The Siren's Wave
By Joel Elliott | 18 June 2008
When you’re this good, you don’t ever need to change chords. Falling somewhere in between the more avant-garde-oriented experiments of Tim Buckley and Björk, the acoustic drones of Pauline Oliveros, and the more common contemporary strains of Renaissance-tinged psych-folk, Nalle is far from lacking in epochal points of reference. Perhaps a more immediately obvious one would be Joanna Newsom, and while Hanna Tuulikki’s voice shares many of the same pre-pubescent inflections, she can do a lot more with it, most notably the perfectly-controlled warbles that complement the sustained accordion, violin, and other ancient stringed instruments that back her. This vocal strength gives Nalle a vast spaciousness and patience, and when she stretches it in these bird-like oscillations the music seems to hover around her in enthralling anticipation. Like a lot of traditional Japanese music, Nalle shifts away from the Western focus on the rhythm of the heartbeat towards the slow, meditative and irregular movements of breathing. You can actually hear these breaths as “Voi Nuusuni (O Rose)” fades out amid the elastic reverberations of the mouth harp and creaky violin. Needless to say, most contemporary Glaswegian folk isn’t a very good point of reference here.
And it’s not all drone-y experiments either: “Secret of the Seven Sirens” is based firmly in traditional British folk, and were it not for the moments where the track veers into abstraction, it could easily be something by Fairport Convention with its Pan-trudging-through-the-forest flute and Celtic acoustic guitar. I still find that there’s something archaic about this style that seems to be trying too hard to reach back into the past, but this is the only track here that adheres to any conventional genre. And it’s much more than a tired replication of any kind of traditional music: the band includes abrupt tempo-changes, slowing down an otherwise briskly-paced song with Tuulikki’s voice drifting on clear, resonant and wordless tones. Likewise, “Alice’s Ladder,” while maintaining basic folk patterns throughout, constantly stretches itself out, always on the brink of abstraction and, with its drawn-out harmonium and plucked strings from God-knows-what-instrument, always flirting with dissonance.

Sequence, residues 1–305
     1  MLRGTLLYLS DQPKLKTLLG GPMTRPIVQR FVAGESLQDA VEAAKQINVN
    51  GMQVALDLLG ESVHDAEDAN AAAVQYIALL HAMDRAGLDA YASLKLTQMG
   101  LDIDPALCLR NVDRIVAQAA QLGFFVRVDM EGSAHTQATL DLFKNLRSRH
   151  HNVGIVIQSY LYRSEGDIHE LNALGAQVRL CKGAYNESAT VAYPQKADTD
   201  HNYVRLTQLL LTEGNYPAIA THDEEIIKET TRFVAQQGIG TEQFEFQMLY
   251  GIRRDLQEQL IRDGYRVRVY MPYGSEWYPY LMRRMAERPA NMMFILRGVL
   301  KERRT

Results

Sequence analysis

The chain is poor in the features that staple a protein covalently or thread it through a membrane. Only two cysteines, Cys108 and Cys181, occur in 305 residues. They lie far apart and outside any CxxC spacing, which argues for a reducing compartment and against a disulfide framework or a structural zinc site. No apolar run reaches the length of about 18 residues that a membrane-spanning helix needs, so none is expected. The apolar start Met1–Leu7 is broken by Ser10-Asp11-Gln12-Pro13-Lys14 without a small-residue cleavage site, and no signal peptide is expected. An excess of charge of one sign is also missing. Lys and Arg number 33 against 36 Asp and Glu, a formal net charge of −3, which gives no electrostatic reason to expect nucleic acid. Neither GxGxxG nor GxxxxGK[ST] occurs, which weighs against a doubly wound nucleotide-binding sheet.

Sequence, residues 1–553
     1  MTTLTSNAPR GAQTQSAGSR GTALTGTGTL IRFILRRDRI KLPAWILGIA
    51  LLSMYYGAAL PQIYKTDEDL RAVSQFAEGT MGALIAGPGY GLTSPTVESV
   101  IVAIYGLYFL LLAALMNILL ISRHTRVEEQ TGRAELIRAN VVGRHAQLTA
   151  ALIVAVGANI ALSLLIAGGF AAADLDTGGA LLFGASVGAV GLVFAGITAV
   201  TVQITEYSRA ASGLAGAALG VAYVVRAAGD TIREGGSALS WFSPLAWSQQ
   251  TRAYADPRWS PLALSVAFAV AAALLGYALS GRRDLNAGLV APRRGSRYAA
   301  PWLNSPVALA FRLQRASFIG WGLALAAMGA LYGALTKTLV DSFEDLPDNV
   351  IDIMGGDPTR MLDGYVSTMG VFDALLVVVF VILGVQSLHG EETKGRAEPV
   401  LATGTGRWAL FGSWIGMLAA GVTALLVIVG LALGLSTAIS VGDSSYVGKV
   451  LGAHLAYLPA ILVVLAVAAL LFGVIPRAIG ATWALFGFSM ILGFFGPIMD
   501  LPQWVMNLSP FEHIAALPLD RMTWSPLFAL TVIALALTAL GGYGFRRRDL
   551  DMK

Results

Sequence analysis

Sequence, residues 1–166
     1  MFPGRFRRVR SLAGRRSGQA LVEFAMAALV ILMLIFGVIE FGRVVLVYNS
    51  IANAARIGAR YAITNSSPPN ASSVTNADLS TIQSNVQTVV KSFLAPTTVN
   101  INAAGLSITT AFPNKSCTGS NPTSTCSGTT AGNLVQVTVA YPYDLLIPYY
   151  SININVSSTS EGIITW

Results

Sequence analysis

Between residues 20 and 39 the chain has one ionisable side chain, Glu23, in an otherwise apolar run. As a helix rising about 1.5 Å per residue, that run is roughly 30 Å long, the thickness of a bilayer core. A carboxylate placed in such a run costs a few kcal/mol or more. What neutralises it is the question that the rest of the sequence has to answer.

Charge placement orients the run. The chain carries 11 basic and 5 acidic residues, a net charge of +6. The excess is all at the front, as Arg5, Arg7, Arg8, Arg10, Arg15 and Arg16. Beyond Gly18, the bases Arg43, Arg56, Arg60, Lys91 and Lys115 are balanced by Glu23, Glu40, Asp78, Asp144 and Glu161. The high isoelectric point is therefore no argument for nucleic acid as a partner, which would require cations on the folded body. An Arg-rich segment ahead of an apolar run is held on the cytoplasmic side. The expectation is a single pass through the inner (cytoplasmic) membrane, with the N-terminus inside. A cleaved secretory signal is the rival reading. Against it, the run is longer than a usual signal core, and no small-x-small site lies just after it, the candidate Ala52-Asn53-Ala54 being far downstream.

Then there’s the rest of the tracks, which barely hold onto any semblance of structure, being about as relevant to traditional folk music as Charalambides’ seminal albums Unknown Spin (2003) and Joy Shapes (2004). “First Eden Sank to Grief” is one of the most haunting pieces of chamber music I’ve heard in years, constantly fading completely into silence then coming back to life again. The fact that the band doesn’t need to write actual “songs” is proof of their strength in understanding and appropriating drone and Minimalist influences; the play of overtones is interesting enough even to sustain “Voi Nuusuni”‘s 10-and-a-half-minute length. That track is a delicate balancing act to see how long Tuulikki can oscillate at perfect pitch, while holding the rest of the instruments at bay. Like Astral Weeks (1968), The Siren’s Wave sounds like it was created with the instruments improvising in real time around more-composed vocal lines. In this way, most of these tracks have loose (or non-existent) time signatures, with the instrumentation responding to Tuulikki’s inflections and natural rhythms. But even if her vocals are more “composed,” that doesn’t mean she can’t conjure up the agonized spirits at will: peep their live video). Yes, she’s really doing that.